Lehman Brothers (NYSE: LEH) has become the latest large private equity player to plant its flag on co-investment turf. The New York-based firm recently closed Lehman Brothers Co-Investment Partners with $1.6 billion, and has already committed about $330 million in 10 transactions.
The firm didn’t disclose limited partners, but a Lehman spokesperson said that the fund attracted a significant number of LPs from previous Lehman funds and it brought in some new LPs. The Los Angeles Fire and Police Pension System committed $10 million to the fund. Plus, Lehman Brothers and Lehman employees contributed $350 million.
The co-investment fund targets minority investments between $5 million and $150 million in deals led by other private equity firms. Portfolio companies range in size from $200 million to multi-billion dollar enterprise values.
The fund has a four-year investment cycle but is currently seeing deal flow that should have it fully invested sooner. Managing Director David Stonberg says that because the firm does not take the lead on investments, the new fund could invest in up to 40 more portfolio companies. The fund has focused primarily on North America and Western Europe but has also reviewed investments in Asia and Latin America.
Among its recent deals, Lehman invested in metal product provider Firth Rixson, buying a 36% share in the company from The Carlyle Group, which will remain the lead shareholder in the company. Assuming Firth Rixson maintained its $1.14 billion valuation, the 36% stake purchased by Lehman would be worth about $400 million.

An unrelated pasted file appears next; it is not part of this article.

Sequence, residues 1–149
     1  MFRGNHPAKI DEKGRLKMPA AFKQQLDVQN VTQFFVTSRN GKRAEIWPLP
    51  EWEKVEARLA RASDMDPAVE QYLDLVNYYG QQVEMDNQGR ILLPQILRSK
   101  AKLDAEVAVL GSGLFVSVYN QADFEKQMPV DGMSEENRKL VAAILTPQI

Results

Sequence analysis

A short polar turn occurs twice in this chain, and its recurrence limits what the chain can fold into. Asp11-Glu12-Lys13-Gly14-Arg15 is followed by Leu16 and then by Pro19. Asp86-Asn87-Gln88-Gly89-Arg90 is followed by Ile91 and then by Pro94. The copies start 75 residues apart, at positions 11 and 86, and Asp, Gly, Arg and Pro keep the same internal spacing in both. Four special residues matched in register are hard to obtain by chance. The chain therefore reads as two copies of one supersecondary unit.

The Lehman fund has also co-invested in Leonard Green & Partners’ $1.3 billion acquisition of The Sports Authority Inc.; Welsh Carson Anderson & Stowe’s acquisition of Mobile Storage Group; and in First Atlantic Capital’s acquisition of BHM Technologies.
Lehman is not alone in its enthusiasm for co-investment. AIG Global Investment Group (AIGGIG) closed its premier dedicated co-investment fund, AIG Co-Investment Fund, with $700 million in commitments. Also, on the smaller end of the market, New York-based investment bank The Silverfern Group founded Silverfern Co-Investment Partners, to make equity co-investments with private equity firms. The Silverfern co-investment group has so far committed about $100 million to co-investments and plans to invest between $50 million and $100 million in each co-investment transaction. —Matthew Sheahan